Oh! What bliss! A lie-in followed by a sumptuous choice of breakfast items including chilled Prosecco and Bucks Fizz. I only tend to drink alcohol on special occasions and never first thing in the morning, but since I considered my first morning in Dubrovnik a special occasion, I treated myself to a small glass which was a perfect accompaniment to the companionship of fellow Welshotters while sitting on the terrace overlooking the ocean with a view of the Old City a stone’s throw away. A leisurely breakfast in the sun was a delightful prelude to a stroll into the Old Town where perfect soft, natural lighting showed the soft stone and red and yellow rooftops at their best. The streets looked so different in daylight.
Our first port of call was the harbour where we spent some time wandering round and getting our bearings (for Lynsey and I, who were first-timers) capturing views and doing a bit of street photography. Lynsey managed to capture the rear view of one rather handsome young gentleman who was dressed for a dip in the sea (clothed, I hasten to add, if a little skimpily). There was plenty of opportunity to shoot seascapes for us that morning! Selfies abounded.
Eifion had hoped to walk to the fort and beyond tonight, in order to capture a sunset, but learnt that it closed at 5.30 and the sun was due to set shortly after 6.00, so it wouldn’t have been possible. Undaunted, we decided to walk to the fort anyway so we could tick it off our “to do” list. Once again, there were steps everywhere!! We were already getting used to this and took advantage of corners and plateaux to catch our breath (at least, I did) and take some more photos. It cost 150 Croatian kunos (roughly £18) to get into the fort, but this also gave us a 50kn discount for the Walls walk on the following morning so it wasn’t too steep (unlike the steps).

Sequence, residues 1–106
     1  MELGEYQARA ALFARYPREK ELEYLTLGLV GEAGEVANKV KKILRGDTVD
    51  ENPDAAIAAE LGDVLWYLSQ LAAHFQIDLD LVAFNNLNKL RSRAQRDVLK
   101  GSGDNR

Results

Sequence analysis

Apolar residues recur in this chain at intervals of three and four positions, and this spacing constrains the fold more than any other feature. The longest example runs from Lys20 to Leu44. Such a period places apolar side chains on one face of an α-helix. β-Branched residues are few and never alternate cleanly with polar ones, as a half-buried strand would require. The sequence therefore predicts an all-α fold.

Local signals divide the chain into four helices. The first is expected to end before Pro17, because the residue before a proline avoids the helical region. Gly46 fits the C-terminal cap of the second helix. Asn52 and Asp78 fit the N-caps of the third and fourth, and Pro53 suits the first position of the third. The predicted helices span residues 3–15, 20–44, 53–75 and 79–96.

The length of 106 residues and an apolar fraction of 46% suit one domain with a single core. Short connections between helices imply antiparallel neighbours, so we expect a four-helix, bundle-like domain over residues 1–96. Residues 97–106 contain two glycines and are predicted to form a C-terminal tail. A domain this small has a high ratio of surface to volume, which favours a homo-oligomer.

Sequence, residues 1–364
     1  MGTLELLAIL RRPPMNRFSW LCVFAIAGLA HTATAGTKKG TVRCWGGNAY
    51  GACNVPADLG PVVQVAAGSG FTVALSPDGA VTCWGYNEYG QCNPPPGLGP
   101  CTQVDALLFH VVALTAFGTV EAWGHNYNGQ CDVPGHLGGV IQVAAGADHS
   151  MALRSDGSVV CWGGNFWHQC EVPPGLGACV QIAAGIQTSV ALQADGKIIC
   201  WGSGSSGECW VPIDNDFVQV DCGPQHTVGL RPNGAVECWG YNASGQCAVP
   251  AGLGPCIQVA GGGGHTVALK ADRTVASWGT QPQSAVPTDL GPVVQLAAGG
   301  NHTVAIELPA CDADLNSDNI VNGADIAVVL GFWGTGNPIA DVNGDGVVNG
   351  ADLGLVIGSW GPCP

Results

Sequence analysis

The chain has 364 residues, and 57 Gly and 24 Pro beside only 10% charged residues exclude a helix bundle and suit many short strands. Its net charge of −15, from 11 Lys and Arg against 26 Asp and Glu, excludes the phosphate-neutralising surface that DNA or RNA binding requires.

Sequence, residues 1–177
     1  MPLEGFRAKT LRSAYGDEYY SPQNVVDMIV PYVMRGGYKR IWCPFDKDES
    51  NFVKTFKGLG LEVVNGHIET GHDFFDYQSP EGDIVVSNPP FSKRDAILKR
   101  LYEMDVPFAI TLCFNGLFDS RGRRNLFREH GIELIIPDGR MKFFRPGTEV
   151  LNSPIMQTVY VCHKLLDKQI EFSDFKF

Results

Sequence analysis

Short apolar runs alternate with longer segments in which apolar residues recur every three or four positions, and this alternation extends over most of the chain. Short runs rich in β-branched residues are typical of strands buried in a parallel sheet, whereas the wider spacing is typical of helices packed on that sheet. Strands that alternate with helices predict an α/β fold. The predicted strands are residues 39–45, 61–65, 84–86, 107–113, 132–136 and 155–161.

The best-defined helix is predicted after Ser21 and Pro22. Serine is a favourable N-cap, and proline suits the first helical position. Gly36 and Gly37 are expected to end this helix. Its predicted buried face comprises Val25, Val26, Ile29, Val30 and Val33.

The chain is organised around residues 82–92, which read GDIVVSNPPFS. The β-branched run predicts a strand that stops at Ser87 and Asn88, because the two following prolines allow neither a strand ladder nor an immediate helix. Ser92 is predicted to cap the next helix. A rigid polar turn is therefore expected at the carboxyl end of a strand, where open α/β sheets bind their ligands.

The route to the fort took us around the harbour and up several steep flights of steps to the top, passing what I called The Fairy Glen, complete with a Rapunzel knotted rope or fabric falling from one of the windows to the right of the path and rising up from the ocean. It was stunning!! I envisaged a Welshot Academy Evening there with models dressed in romantic costumes as the light falls. It would make a great setting for some composite photography, too. Another wow moment! Remember I mentioned having set my settings to small files? This was when Eifion discovered my error and hence, the small image files up to and including The Fairy Glen. From there on, it was big files all the way! They say we learn by our mistakes, don’t they, and I did a lot of learning this week!
The natural light by now was high key and there was harsh contrast between the bright sunlight and sharp, dark shadows which challenged our cameras and photographic skills, so Eifion gave us some guidance on shooting in HDR in camera which allowed us to compensate for the contrast and get some good photos which didn’t “blow out” in the bright areas or remove all the detail in the dark parts. How he manages to know and sort out the settings for all the different cameras, I’ll never know! What he admits to not knowing, he manages to find out in a very short time.
The walk to the fort was very popular and there were lots of crowds, all trying to capture the best views possible, so we had some stiff competition at times, but the atmosphere was convivial, if hectic. It was well worth the effort to get there as we were able to see the Old City, harbour, walls and surrounding vistas from great vantage points.
Of course, we had to have our photo taken standing at the flagpole which marked the summit of the fort and proved that we’d got to the top. We were just one group amongst many – including lots and lots of Japanese tourists who managed to photobomb lots of our shots! (That became a frequent occurrence throughout the trip – even to standing in front of our set-up cameras at the summit near the Cable Car)!